Also in November, the matter of Guvera Ltd v Butler UKEAT/0265/16/DM Lavender J considered the question of whether there had been a relevant transfer, for the purposes of TUPE, of Blinkbox Music Business to Guvera on 12 May 2015, in circumstances where there had been a sale of shares. The first ground of appeal which was in fact advanced before the EAT was that the Tribunal had wrongly ignored various factors – i.e. it had failed correctly to apply the “multi-factorial” test familiar from Spikjers. The Appellant contended that there can be no transfer unless the transferee assumed the responsibilities of the employer. That contention was roundly rejected by the EAT as being (para 28) “reminiscent of Stanley Baldwin’s phrase from the 1931 election campaign: ‘power without responsibility – the prerogative of the harlot throughout the ages.’”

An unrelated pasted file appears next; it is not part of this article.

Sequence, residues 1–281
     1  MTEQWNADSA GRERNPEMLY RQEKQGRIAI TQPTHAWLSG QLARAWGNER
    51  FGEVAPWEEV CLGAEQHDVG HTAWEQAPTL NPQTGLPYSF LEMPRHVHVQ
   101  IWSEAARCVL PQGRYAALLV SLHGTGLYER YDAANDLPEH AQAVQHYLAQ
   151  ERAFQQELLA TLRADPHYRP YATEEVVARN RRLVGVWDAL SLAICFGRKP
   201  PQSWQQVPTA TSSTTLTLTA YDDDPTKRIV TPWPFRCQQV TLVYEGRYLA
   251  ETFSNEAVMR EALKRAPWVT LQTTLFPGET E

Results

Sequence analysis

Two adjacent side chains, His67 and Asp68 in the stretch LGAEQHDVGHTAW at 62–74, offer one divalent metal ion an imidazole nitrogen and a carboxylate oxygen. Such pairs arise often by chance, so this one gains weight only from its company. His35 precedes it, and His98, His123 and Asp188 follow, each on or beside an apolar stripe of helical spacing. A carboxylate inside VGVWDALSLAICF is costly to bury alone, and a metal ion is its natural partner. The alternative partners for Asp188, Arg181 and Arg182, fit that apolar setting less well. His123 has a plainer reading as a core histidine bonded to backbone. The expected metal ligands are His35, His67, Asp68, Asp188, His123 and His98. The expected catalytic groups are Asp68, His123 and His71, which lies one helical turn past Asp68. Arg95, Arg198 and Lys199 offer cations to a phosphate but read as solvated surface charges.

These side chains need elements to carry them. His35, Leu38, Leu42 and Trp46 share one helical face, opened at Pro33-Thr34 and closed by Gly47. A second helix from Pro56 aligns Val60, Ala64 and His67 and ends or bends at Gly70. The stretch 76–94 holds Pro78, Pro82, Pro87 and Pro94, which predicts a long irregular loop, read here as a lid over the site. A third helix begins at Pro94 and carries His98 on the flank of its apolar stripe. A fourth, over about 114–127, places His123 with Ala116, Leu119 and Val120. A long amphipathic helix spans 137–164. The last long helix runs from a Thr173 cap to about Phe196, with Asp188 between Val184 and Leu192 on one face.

Secondly, Guvera complained that the Tribunal had not identified with any precision, and as a result erred as to, the date the transfer took place. That, too, was dismissed.

 

Ezra Macdonald